The Ohio Graduation Test is normally administered to high school sophomores, who need to pass all five sections to graduate.
Chae’Von and Anthony Bowman Sr. had been saving to buy a house. They’d been together for 13 years and would have celebrated their fifth wedding anniversary on May 9, the day before her funeral service.
She’d stopped smoking cigarettes two years ago and was eating healthier, to the point she packed carrots and celery in her son and husband’s lunches. Heartache in her life never overwhelmed her gratitude. She couldn’t run and play with her son at the park. Steroids in her asthma medicine put unwanted extra weight on her that she struggled to lose.
“She lived with pain,” said her niece, Yasmine Zanders, 18. “But she never complained.”
Chae’Von wanted to build on her diploma. First was beauty school, so she could get a cosmetology license and cut and style hair with her older sister, Julia Arnold, owner of Ms. J World Salon & Day Spa.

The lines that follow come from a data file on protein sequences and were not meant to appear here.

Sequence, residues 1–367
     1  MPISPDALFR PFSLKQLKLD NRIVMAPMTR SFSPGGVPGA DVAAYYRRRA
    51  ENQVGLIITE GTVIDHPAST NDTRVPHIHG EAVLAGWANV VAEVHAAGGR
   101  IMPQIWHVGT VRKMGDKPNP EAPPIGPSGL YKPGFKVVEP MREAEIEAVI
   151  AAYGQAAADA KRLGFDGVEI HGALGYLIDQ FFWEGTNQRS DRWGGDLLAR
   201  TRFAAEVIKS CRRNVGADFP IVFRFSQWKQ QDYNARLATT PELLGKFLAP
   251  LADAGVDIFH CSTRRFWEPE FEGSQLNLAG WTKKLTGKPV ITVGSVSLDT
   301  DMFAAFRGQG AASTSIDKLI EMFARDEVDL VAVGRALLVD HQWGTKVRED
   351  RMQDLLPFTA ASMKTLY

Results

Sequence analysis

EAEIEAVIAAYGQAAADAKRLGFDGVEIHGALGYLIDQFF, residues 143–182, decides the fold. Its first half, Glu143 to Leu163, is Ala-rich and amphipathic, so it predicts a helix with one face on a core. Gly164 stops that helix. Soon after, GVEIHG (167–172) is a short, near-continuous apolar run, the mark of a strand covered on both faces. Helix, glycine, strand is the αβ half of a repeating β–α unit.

She’d also had talked of going to school to become a respiratory therapist.
“She wanted to help people who’d suffered like she did,” Burns said.
Despite all of her plans, she was happiest with her family. Her sister and aunt say Chae’Von talked about the joy and fulfillment she felt as a wife and mother and how everything she ever wanted had come true on April 29.
“She had her education, she had her son, she had her husband,” Burns said. “She said she’d never been happier.”
Yet, in the final few weeks before her death, Chae’Von seemed to sense that the end of was near, they say.
She continually played a short Patti LaBelle song, “One of These Mornings.”
One of these mornings
It won’t be very long
They will look for me
And I’ll be gone
“I used to say to her, ‘Shut up, Chae’Von, turn that off, turn that off,’ ” Burns said. “But it was like she was coming to peace with her death. She was already at peace with her life.”